State police officers conducted the Thursday raid at the company's Oberndorf corporate headquarters in Baden-Württemberg, searching the building and several nearby private homes for information about bribes the company is alleged to have paid to Mexican officials.
Those bribes are said to have resulted in weapons contracts with authorities in Mexico.
The company, which produces many of the world's most popular small arms for police and military use, has been dogged by investigations into its Mexican operations for years.
Last December police searched its headquarters after it was accused of bribery and selling arms to Mexican states where serious human rights abuses had taken place.
It later said it never sold weapons directly to Mexican states, but rather directly to Mexico's federal government.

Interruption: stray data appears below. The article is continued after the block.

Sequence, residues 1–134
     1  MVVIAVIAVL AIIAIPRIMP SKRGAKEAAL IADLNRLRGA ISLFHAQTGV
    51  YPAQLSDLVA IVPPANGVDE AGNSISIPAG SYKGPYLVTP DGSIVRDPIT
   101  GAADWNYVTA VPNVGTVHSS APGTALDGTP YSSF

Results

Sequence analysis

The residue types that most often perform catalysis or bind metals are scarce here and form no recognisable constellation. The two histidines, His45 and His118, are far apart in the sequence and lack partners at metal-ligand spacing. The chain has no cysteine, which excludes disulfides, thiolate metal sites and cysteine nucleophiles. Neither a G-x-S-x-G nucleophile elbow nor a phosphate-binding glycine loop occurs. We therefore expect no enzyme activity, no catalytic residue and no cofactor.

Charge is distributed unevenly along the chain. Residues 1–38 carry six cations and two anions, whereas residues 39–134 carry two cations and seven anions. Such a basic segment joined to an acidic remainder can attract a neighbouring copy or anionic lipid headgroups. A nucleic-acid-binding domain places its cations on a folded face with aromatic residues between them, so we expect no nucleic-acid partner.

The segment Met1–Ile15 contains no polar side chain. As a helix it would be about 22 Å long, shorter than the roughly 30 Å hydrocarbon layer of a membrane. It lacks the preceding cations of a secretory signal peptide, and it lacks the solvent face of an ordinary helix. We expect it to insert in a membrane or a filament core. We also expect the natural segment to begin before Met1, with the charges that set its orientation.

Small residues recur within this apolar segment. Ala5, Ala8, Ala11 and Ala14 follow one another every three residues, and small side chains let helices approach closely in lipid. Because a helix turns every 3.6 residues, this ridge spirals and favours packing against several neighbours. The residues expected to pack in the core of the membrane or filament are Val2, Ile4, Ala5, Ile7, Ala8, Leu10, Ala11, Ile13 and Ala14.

This summer it emerged that rebels in Libya were using Heckler & Koch weapons, although the company denied selling weapons to anyone in the country. German prosecutors have since launched an investigation.
Although it has not yet responded directly to Thursday's raid, Heckler and Koch has previously insisted all of its operations in Mexico were legal.
In its last statement on the matter, dated March 10, it said the company “never paid a cent of bribe money to Mexican officials to support the sales of the products. The allegation of bribery has been launched by a group of persons including a former H&K employee who is now working for a competing company.”
Heckler & Koch has been selling weapons to the Mexican government for more than 20 years.